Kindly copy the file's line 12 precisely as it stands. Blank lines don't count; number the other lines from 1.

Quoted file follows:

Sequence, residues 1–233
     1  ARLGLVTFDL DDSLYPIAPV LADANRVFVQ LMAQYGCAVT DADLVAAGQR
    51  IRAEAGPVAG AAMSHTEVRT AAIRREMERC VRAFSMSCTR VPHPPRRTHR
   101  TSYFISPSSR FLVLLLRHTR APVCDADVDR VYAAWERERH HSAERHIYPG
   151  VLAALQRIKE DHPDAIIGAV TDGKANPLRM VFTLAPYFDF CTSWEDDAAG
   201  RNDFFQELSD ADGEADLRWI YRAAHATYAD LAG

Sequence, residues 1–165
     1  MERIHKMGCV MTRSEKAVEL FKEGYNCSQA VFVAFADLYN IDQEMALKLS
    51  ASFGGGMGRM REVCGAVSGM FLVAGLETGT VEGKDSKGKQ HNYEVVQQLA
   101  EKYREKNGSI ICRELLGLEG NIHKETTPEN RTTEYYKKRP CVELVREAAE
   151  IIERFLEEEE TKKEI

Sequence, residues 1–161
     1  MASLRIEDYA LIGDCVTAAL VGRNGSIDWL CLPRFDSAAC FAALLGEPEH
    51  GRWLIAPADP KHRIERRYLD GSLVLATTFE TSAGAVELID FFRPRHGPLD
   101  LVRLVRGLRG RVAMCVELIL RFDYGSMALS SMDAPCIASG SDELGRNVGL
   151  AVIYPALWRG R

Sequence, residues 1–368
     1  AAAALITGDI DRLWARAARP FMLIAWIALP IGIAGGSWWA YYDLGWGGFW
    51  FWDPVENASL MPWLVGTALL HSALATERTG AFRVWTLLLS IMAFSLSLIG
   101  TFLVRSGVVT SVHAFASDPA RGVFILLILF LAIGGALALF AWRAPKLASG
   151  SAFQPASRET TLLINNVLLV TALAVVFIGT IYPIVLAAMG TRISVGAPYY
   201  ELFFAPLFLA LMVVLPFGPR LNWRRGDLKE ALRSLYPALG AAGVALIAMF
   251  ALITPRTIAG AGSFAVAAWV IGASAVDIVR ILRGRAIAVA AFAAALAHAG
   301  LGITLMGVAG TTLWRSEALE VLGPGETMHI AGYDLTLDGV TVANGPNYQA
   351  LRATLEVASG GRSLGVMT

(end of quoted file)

Sequence, residues 1–161